Comparing Couples’ and Individual Voluntary Counseling and Testing for HIV at Antenatal Clinics in Tanzania: A Randomized Trial
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Voluntary counseling and testing (VCT) for couples (CVCT) is an important HIV-prevention effort in sub-Saharan Africa where a substantial proportion of HIV transmission occurs within stable partnerships. This study aimed to determine the acceptance and effectiveness of CVCT as compared to individual VCT (IVCT). 1,521 women attending three antenatal clinics in Dar es Salaam were randomized to receive IVCT during that visit or CVCT with their husbands at a subsequent visit. The proportion of women receiving test results in the CVCT arm was significantly lower than in the IVCT arm (39 vs. 71%). HIV prevalence overall was 10%. In a subgroup analysis of HIV-positive women, those who received CVCT were more likely to use preventive measures against transmission (90 vs. 60%) and to receive nevirapine for themselves (55 vs. 24%) and their infants (55 vs. 22%) as compared to women randomized to IVCT. Uptake of CVCT is low in the antenatal clinic setting. Community mobilization and couple-friendly clinics are needed to promote CVCT.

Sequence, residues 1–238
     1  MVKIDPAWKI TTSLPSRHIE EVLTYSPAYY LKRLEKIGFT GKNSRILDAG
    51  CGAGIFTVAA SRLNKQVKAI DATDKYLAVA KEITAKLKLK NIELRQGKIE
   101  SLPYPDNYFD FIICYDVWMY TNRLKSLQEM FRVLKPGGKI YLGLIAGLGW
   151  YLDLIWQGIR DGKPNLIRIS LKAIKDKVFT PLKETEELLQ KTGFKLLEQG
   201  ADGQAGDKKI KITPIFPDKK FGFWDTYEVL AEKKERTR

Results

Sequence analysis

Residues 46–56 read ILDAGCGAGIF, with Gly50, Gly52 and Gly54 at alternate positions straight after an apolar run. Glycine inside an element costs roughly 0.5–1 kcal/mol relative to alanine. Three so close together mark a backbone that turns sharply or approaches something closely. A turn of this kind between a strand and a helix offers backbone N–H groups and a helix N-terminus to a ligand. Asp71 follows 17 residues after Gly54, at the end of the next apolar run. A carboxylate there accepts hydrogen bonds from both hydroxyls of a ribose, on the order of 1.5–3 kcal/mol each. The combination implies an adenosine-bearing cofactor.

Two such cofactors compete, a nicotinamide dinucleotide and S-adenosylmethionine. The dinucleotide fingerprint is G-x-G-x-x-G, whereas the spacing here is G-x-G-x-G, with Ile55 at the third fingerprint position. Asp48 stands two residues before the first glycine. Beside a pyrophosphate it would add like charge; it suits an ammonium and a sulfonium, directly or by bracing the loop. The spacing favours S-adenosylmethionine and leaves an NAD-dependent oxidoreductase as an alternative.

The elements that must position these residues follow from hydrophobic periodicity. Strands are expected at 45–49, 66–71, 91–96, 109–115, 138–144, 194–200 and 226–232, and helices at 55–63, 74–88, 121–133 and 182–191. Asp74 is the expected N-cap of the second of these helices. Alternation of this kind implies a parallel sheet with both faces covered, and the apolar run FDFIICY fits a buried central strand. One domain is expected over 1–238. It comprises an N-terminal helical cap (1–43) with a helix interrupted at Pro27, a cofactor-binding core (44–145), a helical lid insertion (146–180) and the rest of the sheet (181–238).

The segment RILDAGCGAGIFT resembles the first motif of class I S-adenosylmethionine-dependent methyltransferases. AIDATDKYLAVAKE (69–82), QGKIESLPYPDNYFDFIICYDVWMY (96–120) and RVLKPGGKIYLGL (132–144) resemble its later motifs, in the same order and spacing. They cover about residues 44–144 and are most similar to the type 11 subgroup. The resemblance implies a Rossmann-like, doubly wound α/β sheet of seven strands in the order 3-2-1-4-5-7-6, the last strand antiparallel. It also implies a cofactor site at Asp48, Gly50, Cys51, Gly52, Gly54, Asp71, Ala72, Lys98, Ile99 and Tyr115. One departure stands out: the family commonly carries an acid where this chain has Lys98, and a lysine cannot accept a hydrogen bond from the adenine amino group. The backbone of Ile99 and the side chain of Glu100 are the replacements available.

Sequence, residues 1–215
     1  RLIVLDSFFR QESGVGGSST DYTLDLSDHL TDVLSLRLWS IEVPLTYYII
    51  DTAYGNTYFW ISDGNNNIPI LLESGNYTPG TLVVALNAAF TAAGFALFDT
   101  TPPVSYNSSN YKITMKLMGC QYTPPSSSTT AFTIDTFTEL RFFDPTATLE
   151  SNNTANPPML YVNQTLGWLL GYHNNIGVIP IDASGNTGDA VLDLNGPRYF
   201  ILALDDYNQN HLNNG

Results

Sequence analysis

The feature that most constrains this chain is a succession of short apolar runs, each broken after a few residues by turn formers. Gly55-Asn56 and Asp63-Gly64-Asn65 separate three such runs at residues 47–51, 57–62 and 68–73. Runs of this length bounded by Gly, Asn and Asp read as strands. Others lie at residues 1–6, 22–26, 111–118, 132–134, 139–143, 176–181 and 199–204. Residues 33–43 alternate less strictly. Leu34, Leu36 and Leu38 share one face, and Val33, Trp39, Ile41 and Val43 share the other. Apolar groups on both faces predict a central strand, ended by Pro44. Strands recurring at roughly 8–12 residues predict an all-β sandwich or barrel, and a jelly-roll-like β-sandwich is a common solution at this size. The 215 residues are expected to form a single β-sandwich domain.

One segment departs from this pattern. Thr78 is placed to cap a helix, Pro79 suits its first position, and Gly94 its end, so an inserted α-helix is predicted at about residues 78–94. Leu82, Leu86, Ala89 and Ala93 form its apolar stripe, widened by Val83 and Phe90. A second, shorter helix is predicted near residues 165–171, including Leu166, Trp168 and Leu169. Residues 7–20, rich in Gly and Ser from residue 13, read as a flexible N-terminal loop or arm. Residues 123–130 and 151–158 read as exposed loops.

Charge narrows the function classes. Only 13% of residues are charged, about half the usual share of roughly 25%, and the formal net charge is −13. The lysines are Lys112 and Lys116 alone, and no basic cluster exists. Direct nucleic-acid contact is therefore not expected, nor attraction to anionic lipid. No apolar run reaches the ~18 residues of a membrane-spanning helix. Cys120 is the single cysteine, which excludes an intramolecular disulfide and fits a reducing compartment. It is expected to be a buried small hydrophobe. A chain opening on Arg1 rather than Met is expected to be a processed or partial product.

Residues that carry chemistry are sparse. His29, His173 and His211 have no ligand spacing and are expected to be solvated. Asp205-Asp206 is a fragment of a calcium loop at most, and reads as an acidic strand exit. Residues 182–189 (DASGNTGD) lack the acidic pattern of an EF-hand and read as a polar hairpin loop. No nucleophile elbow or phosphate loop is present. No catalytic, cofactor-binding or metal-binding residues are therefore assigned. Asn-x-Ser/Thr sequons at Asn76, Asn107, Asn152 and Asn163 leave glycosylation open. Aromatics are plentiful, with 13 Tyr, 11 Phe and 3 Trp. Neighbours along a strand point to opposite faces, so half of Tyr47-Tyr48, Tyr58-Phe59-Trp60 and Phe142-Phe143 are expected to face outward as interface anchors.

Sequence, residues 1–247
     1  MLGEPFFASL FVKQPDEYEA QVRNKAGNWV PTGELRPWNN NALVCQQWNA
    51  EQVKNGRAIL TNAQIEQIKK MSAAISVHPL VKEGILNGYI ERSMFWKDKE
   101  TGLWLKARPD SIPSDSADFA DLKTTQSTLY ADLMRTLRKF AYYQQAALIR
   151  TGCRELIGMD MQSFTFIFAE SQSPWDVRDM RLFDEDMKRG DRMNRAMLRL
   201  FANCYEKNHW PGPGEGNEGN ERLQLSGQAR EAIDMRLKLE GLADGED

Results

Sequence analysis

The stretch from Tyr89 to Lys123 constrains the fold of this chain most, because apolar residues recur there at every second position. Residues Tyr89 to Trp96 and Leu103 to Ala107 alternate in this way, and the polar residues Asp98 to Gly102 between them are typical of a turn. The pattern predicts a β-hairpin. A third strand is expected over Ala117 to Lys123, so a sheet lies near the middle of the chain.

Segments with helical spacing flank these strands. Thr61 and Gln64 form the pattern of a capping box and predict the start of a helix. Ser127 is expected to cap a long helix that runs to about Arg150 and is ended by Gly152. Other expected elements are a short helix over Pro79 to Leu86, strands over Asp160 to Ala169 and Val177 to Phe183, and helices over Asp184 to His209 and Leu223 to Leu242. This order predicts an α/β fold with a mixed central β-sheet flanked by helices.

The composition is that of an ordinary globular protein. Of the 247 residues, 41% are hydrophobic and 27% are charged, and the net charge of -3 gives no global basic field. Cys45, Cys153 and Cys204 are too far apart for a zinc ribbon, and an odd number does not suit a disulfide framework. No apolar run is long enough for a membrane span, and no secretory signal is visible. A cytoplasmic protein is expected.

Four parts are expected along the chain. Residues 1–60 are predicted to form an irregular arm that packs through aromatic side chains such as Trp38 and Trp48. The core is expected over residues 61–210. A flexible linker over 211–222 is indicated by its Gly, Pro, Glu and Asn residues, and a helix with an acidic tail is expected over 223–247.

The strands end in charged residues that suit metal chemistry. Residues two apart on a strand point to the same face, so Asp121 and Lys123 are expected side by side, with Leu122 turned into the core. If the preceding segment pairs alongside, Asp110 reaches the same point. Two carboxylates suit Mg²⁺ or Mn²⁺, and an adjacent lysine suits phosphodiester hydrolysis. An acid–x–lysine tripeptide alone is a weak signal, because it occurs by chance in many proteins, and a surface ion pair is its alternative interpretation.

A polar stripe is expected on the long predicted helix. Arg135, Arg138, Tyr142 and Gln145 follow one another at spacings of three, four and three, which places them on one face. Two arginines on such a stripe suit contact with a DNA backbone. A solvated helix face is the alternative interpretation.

KeywordsCouples Voluntary counseling and testing HIV Antenatal care Tanzania
This research was funded by the Center for AIDS Research of Johns Hopkins University. Analyses were supported by the Bill and Melinda Gates Institute for Population and Reproductive Health and the Hopkins Population Center, also of Johns Hopkins University. We also thank Professor Ron Gray of Johns Hopkins University, Dr. Godfrey Kigozi of the Rakai Health Sciences Program, and Dr. Jessie Mbwambo of Muhimbili University College of Health Sciences, for serving on the Data Safety and Monitoring Board for the project. We are grateful to Professor Suzanne Maman of the University of North Carolina for helpful suggestions as we designed the study. We thank the Temeke District Authority for assisting in the identification of study clinics. We extend our sincere appreciation to the counselors, interviewers, data processing staff, and laboratory staff, as well as the women and men who participated in the study.
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